Photos © Clive Fairchild
12 February 2014
There's been a lot of action at the driving end this week. Rotten woodwork cut out from the base of the uprights has been replaced and new steel brackets have been prepared for welding in. Chairman John and David have started work on replacing the previously removed rotten cornerpost.
Photos © Clive Fairchild
24 January 2014
On Friday 24 January we solved one of the issues we had been wondering about ever since we first saw 233 at Butterley last year. The vital little tube fitted between the ceiling and the roof and runs the length of the carriage to the whistle chain from the driving cab to the engine was missing from the cab and the rear sections of the carriage. Would we have to take all the ceilings down to replace it? We found that the tube remains in the vestibule and saloon apart from about a foot next to the cab. That has saved us a lot of work.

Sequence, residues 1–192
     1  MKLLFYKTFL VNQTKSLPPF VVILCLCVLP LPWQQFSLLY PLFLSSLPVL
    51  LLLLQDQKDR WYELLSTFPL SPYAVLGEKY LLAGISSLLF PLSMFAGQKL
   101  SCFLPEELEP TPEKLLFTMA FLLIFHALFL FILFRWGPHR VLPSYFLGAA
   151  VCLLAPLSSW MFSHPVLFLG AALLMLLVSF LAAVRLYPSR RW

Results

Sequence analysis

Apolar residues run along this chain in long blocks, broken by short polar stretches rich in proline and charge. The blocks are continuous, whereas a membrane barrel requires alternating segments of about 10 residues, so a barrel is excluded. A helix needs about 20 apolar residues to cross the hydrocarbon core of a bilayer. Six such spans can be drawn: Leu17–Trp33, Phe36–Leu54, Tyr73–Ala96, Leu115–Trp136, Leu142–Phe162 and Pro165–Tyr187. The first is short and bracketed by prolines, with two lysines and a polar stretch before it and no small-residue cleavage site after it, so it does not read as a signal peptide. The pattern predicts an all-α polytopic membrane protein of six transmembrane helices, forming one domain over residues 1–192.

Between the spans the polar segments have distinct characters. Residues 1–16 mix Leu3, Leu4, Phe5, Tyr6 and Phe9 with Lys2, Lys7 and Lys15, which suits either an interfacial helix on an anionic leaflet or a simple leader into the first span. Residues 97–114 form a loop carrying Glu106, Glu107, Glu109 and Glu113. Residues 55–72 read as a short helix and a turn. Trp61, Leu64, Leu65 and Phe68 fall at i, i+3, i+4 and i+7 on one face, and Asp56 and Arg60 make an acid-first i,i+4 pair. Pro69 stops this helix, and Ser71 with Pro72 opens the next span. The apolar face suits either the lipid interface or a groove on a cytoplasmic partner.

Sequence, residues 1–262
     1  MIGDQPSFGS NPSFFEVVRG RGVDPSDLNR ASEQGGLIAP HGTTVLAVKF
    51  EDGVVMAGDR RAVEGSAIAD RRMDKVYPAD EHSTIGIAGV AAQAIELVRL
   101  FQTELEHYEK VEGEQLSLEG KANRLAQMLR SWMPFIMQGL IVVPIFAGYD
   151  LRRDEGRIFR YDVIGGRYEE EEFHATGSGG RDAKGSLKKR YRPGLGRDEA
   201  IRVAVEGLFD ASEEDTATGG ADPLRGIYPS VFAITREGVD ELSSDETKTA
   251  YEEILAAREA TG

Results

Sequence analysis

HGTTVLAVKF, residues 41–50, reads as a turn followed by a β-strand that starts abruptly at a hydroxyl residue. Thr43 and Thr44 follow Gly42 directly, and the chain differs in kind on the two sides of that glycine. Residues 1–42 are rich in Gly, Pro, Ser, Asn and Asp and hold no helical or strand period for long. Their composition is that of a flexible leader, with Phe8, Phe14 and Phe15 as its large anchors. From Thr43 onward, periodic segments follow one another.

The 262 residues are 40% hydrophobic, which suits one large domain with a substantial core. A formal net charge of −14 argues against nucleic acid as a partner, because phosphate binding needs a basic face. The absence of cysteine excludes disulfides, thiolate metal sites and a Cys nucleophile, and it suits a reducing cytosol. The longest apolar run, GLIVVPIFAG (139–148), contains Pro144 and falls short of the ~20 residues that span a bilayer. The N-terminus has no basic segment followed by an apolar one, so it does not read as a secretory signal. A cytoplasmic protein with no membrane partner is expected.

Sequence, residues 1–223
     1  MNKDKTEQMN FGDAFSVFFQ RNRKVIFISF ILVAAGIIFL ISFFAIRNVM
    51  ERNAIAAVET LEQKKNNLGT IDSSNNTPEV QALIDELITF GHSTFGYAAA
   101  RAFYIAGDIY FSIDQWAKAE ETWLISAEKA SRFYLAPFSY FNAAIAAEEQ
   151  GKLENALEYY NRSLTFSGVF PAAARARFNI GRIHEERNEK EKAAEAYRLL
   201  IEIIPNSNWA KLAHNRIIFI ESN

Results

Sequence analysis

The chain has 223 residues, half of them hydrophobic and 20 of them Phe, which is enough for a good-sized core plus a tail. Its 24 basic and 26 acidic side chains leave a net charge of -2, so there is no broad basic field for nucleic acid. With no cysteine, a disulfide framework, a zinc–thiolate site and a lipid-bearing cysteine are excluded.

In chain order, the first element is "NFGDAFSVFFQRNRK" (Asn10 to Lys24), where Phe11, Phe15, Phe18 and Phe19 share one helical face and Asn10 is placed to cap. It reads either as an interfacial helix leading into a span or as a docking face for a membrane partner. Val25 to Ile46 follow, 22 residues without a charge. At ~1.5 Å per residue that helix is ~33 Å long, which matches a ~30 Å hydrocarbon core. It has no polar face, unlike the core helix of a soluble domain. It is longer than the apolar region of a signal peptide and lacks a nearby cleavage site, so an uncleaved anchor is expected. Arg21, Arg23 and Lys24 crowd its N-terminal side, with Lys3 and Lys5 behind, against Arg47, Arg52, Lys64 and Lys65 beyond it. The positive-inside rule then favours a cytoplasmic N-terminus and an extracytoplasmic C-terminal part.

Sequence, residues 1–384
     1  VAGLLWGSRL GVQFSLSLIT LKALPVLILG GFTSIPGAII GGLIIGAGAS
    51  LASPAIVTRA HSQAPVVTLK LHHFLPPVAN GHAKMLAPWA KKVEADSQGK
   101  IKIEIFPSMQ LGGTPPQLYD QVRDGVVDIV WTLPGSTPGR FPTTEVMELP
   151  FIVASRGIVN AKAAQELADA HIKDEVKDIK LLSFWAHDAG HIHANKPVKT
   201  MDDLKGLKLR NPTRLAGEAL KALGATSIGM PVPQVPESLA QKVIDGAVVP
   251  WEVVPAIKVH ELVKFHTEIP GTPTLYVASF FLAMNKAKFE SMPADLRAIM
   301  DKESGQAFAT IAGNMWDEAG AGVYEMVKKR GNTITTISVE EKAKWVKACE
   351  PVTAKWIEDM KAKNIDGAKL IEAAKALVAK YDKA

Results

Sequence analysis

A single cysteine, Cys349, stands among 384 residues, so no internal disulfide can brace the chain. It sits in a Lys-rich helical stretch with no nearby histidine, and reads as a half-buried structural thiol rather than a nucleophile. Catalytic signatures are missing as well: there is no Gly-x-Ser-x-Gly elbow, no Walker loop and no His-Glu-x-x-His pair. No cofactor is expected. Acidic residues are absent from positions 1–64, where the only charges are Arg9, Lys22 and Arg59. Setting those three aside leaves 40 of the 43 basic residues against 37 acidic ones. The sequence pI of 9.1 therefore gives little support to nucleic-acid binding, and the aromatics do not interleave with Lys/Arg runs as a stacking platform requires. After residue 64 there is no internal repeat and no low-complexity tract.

22 January 2014
With the distractions of the Christmas and New Year festivities behind us we are stepping up the pace. On most weekdays now there are volunteers at work on 233 in the shed at Buckfastleigh. Today a little milestone was reached. The last of the outer floorboard timbers was removed. Both the decayed and the sound wood has been removed so that all the metal brackets that support the vertical framing timbers can be examined and, where necessary, repaired. Around half the brackets in the main saloon have received attention so far and another metal bashing session will happen shortly. Something in 233's history has caused the brackets on the left hand side to have suffered more from corrosion that those on the right.
The bare shell of our new easy access compartment. Work has started on leveling and strengthening the floor.